Colorectal cancer screening options
Legacy Cancer Institute recommends colonoscopy, because it is the only screening test that can actual prevent cancer. It does this by finding and removing polyps, which can turn into cancer. However, there are other screening options. Talk with your health care provider about the best choice for you:
- Colonoscopy – A colonoscope, a long, slender, flexible tube with a lighted end, is inserted into the colon through the rectum. This allows the physician to look at the entire colon and to snip polyps or tissue for biopsies if anything looks suspicious. Colonoscopy is the most accurate and complete of the screening test options, and is performed with the patient under mild sedation.
- Stool blood test – A sample of stool, often gathered with a "fecal occult blood testing" kit, is tested for any traces of blood.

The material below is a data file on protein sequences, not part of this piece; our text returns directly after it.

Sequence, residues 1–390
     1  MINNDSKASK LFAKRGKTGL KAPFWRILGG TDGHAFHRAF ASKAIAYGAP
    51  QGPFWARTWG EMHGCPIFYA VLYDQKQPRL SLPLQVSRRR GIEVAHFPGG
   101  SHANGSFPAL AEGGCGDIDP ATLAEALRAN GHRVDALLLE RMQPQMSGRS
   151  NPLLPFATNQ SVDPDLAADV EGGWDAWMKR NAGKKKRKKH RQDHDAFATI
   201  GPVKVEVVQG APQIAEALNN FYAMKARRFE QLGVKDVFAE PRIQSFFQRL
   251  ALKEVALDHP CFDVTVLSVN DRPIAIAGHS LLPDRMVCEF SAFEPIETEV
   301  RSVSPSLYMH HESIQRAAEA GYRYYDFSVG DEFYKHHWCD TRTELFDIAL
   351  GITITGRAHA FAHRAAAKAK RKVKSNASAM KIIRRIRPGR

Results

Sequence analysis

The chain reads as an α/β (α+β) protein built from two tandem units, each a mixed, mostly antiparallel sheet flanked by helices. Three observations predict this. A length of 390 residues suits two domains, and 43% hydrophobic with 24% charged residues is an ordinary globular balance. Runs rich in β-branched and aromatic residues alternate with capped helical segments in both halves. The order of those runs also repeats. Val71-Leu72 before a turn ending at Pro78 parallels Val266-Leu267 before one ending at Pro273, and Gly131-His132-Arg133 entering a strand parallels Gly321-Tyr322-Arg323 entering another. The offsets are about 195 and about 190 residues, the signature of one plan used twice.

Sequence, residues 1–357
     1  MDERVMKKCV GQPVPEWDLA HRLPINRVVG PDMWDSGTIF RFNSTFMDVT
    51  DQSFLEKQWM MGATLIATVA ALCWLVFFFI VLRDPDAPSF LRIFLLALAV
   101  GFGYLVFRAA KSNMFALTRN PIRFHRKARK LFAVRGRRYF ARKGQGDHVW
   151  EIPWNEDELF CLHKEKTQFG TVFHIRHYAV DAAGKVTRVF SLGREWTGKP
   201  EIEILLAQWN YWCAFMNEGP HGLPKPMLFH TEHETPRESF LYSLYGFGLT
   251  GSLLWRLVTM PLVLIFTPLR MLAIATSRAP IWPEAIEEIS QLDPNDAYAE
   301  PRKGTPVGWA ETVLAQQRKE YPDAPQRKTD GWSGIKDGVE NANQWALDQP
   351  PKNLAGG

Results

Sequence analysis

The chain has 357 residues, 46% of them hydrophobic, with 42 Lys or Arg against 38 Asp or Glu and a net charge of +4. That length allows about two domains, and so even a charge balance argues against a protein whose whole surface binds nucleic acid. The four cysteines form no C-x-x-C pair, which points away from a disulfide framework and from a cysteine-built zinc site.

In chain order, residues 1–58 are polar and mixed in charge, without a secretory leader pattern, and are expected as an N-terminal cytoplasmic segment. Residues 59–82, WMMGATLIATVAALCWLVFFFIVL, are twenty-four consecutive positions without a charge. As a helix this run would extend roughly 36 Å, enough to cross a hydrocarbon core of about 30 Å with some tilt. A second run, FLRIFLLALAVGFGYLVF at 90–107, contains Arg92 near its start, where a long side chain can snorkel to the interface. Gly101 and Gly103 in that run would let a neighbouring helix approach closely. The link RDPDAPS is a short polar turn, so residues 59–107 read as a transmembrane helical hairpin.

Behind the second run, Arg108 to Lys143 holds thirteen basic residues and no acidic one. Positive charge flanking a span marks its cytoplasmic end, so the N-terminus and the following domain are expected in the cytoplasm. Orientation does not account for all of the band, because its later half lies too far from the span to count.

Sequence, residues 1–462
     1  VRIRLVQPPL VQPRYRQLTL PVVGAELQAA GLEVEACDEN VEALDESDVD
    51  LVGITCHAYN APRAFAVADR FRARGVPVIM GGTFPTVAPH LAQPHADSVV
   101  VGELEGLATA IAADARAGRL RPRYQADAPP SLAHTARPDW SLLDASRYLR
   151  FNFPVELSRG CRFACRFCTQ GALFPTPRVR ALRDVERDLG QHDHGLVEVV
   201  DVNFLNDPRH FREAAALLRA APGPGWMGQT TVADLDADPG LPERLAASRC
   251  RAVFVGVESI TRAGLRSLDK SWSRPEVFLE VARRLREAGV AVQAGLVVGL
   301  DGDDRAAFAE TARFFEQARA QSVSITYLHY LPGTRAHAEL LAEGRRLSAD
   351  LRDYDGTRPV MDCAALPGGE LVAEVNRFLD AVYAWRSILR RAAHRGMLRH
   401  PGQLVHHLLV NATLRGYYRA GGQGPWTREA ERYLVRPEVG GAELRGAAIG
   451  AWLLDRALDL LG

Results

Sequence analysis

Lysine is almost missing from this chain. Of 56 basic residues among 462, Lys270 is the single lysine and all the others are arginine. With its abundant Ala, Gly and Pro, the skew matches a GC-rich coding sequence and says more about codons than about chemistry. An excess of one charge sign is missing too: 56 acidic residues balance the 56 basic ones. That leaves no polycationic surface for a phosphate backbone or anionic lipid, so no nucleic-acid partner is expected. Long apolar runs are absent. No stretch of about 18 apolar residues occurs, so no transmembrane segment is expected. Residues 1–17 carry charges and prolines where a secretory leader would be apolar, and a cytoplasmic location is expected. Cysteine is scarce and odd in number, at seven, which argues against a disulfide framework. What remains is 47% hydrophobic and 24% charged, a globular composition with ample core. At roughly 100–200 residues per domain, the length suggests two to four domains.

- Flexible sigmoidoscopy – A sigmoidoscope, a slender, flexible tube with a lighted end, is inserted into the colon through the rectum. It allows the physician to look for blood and/or polyps in the lower portion of the colon. Polyps or suspicious tissue can be snipped for biopsy.
- Double contrast barium enema – A chalky liquid and air are pumped into the colon through the rectum, which makes the colon expand and allows clear X-rays to be taken.
- CT colonography (computed tomographic colonography, also know as "virtual" colonoscopy) – Air is pumped into the colon through the rectum and a special CT scan of the expanded colon is taken. This is a new test, still under study for its effectiveness.